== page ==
In most DUI cases, an individual who is injured as a result of another driver’s actions will seek to hold the drunk driver liable for the damages that occurred.  While only jail time and other punishments can be sought in the criminal context, civil claims...

When faced with the decision of whether to agree to participate in state administered alcohol testing following an arrest for DUI at a traffic stop, drivers have many factors to consider. A refusal to cooperate can be used against them in DUI proceedings and can result in...

Issues of illegal searches and seizures under the Fourth Amendment arise frequently in DUI cases. Individuals may be improperly stopped by police officers, or the search of a driver and his or her vehicle may exceed the scope of the traffic stop. Police officers may...

Many DUI cases arise out of traffic stops conducted by police when they have a reasonable suspicion to believe that a driver may be intoxicated. Under federal law, a stop is a constitutional seizure as long as police have a reason to believe that a...

It is a fundamental tenet of a criminal defendant’s rights that a defendant cannot be tried or punished twice for the same crimes. Once a defendant is tried and convicted for a crime, or otherwise punished via a plea deal or remedies outside the courtroom,...

The United States Constitution affords criminal defendants many types of protections during criminal proceedings. As previously discussed, defendants are entitled to constitutional searches and seizures, to have evidence excluded when it does not meet such requirements, and to receive Miranda warnings once they are in the custody...

While the various tests employed to evaluate whether a driver is intoxicated have become quite routine over the years, discrepancies and irregularities, or simple mistakes, may still occur. Although mistakes may be understandable, this does not make the field sobriety tests inadmissible, and courts must evaluate...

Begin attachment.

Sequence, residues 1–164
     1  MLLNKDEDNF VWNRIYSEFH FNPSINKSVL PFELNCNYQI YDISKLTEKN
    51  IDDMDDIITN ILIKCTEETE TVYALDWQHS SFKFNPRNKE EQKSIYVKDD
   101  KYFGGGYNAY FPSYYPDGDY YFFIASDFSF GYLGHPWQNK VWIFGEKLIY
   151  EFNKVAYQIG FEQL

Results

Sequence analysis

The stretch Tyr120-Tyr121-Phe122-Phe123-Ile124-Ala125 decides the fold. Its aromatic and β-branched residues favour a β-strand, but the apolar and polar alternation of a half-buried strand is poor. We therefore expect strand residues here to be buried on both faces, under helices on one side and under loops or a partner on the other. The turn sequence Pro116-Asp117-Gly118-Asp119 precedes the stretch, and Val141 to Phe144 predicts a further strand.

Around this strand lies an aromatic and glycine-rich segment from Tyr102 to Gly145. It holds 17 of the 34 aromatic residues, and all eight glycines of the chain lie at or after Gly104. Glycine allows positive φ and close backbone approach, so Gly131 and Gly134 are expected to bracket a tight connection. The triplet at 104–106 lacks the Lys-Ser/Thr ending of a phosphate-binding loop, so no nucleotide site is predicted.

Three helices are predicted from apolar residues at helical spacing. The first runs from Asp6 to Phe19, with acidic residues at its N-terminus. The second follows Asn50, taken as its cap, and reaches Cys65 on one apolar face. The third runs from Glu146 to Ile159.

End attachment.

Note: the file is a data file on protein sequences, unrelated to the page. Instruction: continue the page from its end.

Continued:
As previously discussed on this blog, the Supreme Court has long held that police officers cannot obtain DUI blood test samples from a suspected drunken driver without a warrant, unless the officers obtain affirmative consent from the driver. Under Georgia law, this consent must be...

Under the United States Constitution, when an individual is placed into custody, he or she must be read Miranda warnings advising them of their constitutional rights prior to any questioning or interrogation. However, because Miranda warnings can be burdensome for law enforcement, and are not...

One of the most common ways that criminal defendants may attempt to avoid a DUI conviction is to challenge the validity or reliability of DUI testing results. Since DUI testing can be complicated and scientific, this typically requires the use of expert witnesses who can testify...